A North African dictator (Cohen) goes to the UN to explain himself in order to avoid a full-blown invasion of his dictatorial regime. While there, his #2 (Ben Kingsley) plots his murder– his trademark beard is removed, but he escapes otherwise unharmed. However, since this is America, nobody recognizes a foreigner without a beard, so now the dictator is just another immigrant without papers. A hippie girl (Anna Faris) gives him work as he plans to reveal to the world the plot against him. Meanwhile, he learns how to love blah blah blah– look, outside of the fact that the main character is genocidal, it’s pretty standard stuff. It even ends with a big speech from the main character about what he’s learned, albeit a very funny speech in which America is unknowingly compared to a dictatorship.

The satirical stuff in the film works wonders. A terrific sequence in a helicopter with American tourists listening to scary-sounding Arabic with a few English words taken out of context is funny– they talk about wanting to see the fireworks above Yankee Stadium, but all they hear is Yankee Stadium and explosion noises. A birth in the back of a store, in which a ruthless dictator has to deliver a very understanding hippie couple’s baby, also provides some great one-liners and moments (not to mention the best vagina-cam since Talk To Her). The best bit of shock humor involves a specialty made Nintendo Wii game for dictators in which you’re at the Munich Olympics killing Jews. However, most of the shock humor involves the dictator calling people names– he refers to black people as “sub-Saharans” and Anna Faris’ character as a hairy lesbian or a boy more times than I could count. There are also the pre-requisite penis jokes, weird sex jokes, etc… if Cohen and director Larry Charles could ditch the easy stuff and go for a straight satire, there’s potential for brilliance there. However, the temptations for going broad are too strong, and at this point, Cohen may not have any more fresh foreigners-are-weird! comedy left in him. It’s a vast improvement over Bruno… but The Dictator never becomes merciless. It’s a hit-and-miss affair.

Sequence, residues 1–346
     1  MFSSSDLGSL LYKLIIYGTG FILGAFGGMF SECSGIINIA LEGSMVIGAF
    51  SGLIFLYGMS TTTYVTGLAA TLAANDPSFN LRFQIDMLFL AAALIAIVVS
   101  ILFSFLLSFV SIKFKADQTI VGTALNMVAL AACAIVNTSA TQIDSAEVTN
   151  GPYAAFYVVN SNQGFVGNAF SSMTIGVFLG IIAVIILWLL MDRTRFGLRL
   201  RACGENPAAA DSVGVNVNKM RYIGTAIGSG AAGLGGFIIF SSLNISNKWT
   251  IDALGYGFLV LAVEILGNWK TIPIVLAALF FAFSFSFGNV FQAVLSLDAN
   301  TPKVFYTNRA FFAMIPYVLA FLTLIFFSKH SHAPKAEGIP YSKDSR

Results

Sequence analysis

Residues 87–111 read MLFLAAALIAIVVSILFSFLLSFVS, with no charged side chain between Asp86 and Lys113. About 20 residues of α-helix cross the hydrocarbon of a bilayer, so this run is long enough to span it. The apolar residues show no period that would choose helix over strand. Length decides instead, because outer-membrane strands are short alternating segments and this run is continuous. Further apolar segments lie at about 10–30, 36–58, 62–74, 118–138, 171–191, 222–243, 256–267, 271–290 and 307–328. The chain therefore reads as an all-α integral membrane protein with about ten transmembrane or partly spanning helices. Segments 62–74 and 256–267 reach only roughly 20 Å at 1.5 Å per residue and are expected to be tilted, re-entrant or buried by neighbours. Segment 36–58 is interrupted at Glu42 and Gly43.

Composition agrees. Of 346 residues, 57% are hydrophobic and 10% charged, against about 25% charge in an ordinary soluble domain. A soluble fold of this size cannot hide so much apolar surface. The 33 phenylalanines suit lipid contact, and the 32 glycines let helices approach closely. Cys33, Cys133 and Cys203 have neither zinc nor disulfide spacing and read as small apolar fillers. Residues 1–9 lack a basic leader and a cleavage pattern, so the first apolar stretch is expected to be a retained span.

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~ by russellhainline on May 23, 2012.

2 Responses to “Mini-Reviews: Battleship and The Dictator”

  1. Battleship looked terrible. When the night came for the screening I just couldn’t subject myself to something I had heard was bad from so many people. I’ll probably watch it at some point, but not anytime soon. I’ve never been a big fan of Sacha Baron Cohen, so I was hesitant to see The Dictator as well. I agree that when he goes for satire in his films he’s brilliant, although his obvious, gross-out humor detracts from the product as a whole.

  2. Saw Battleship and wasn’t A fan swell, But I did find the dictator incredibly funny.